Nigel Smith: Andrew Marvell

Reserve and pity almost meet in Andrew Marvell

Lisa Gorton

 

Andrew Marvell: the Chameleon
by Nigel Smith
Yale University Press (Inbooks), $55.95 hb, 416 pp, 9780300112214

 

In 1629, Charles I of England sent Daniel Nys to Europe to buy art. Along with works by Titian and Rubens, Nys bought Mantegna’s masterpiece, The Triumphs of Caesar (1486–92). This work on nine large panels is at once sombre and full of wonders. Of its time the most accurate representation of Roman customs and costumes, it is also a work in which precision has a strange effect, almost of tenderness. Still hung at Hampton Court, it was one of only a few works that Cromwell kept after the regicide.

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Published in September 2011 no. 334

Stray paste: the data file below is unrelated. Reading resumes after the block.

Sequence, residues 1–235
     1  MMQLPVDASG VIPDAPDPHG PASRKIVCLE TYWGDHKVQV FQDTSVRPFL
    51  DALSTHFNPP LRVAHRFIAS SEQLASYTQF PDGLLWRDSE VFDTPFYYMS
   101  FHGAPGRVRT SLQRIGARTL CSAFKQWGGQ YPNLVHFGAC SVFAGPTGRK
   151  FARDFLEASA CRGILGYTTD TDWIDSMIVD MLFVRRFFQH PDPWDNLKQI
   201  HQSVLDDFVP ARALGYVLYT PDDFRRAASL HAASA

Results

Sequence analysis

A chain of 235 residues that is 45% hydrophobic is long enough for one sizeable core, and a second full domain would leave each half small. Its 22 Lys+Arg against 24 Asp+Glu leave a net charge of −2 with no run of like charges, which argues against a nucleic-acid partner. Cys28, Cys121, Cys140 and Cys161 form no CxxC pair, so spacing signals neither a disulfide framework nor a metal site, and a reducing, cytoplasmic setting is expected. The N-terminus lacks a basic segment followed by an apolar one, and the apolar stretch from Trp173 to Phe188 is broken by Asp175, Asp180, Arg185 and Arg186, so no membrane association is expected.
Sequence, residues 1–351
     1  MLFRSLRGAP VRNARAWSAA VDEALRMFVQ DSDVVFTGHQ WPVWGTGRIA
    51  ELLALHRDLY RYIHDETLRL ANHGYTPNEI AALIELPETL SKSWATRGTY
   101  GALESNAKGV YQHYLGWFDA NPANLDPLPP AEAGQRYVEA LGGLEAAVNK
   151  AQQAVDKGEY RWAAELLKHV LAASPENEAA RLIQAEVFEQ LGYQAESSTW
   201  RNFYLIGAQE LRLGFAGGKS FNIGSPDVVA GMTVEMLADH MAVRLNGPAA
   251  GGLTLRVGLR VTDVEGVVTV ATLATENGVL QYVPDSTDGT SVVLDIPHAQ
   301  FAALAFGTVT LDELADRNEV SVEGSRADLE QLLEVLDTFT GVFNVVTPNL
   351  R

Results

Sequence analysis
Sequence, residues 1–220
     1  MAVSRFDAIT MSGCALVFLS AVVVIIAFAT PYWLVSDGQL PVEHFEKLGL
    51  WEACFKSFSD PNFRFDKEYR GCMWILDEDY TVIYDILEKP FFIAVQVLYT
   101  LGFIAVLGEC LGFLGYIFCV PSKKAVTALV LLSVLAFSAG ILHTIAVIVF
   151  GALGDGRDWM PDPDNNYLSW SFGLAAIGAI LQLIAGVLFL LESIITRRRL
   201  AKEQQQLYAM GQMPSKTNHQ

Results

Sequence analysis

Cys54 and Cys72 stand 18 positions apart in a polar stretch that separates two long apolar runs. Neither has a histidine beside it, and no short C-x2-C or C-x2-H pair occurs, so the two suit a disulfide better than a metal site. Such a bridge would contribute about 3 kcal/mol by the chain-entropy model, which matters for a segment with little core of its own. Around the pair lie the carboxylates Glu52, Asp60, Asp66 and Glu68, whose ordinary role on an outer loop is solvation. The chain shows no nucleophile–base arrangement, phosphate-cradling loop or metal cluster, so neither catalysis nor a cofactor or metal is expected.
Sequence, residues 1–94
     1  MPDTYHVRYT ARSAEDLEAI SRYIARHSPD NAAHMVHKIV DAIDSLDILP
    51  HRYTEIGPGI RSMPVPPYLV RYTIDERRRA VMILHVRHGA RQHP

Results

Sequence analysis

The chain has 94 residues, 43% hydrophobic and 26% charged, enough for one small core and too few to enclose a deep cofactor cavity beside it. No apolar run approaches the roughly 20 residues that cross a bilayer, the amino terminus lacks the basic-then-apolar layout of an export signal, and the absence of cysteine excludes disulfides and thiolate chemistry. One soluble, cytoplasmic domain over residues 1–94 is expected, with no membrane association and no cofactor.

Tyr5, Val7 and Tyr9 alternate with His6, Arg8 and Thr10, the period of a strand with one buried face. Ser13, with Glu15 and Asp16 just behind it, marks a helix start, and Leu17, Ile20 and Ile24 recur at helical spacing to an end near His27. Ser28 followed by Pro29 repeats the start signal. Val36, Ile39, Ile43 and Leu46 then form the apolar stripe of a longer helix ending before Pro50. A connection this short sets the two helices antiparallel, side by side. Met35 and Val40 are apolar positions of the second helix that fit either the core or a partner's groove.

Lisa Gorton

Lisa Gorton

Lisa Gorton, who lives in Melbourne, is a poet, novelist, and critic, and a former Poetry Editor of ABR. She studied at the Universities of Melbourne and Oxford. A Rhodes Scholar, she completed a Masters in Renaissance Literature and a Doctorate on John Donne at Oxford University, and was awarded the John Donne Society Award for Distinguished Publication in Donne Studies. Her first poetry collection, Press Release (2007), won the Victorian Premier’s Prize for Poetry. She has also been awarded the Vincent Buckley Poetry Prize. A second poetry collection followed in 2013: Hotel Hyperion (also Giramondo). Lisa has also written a children’s novel, Cloudland (2008). Her novel The Life of Houses (2015) shared the 2016 Prime Minister’s Award for fiction. She is the editor of The Best Australian Poems 2013 (Black Inc.).

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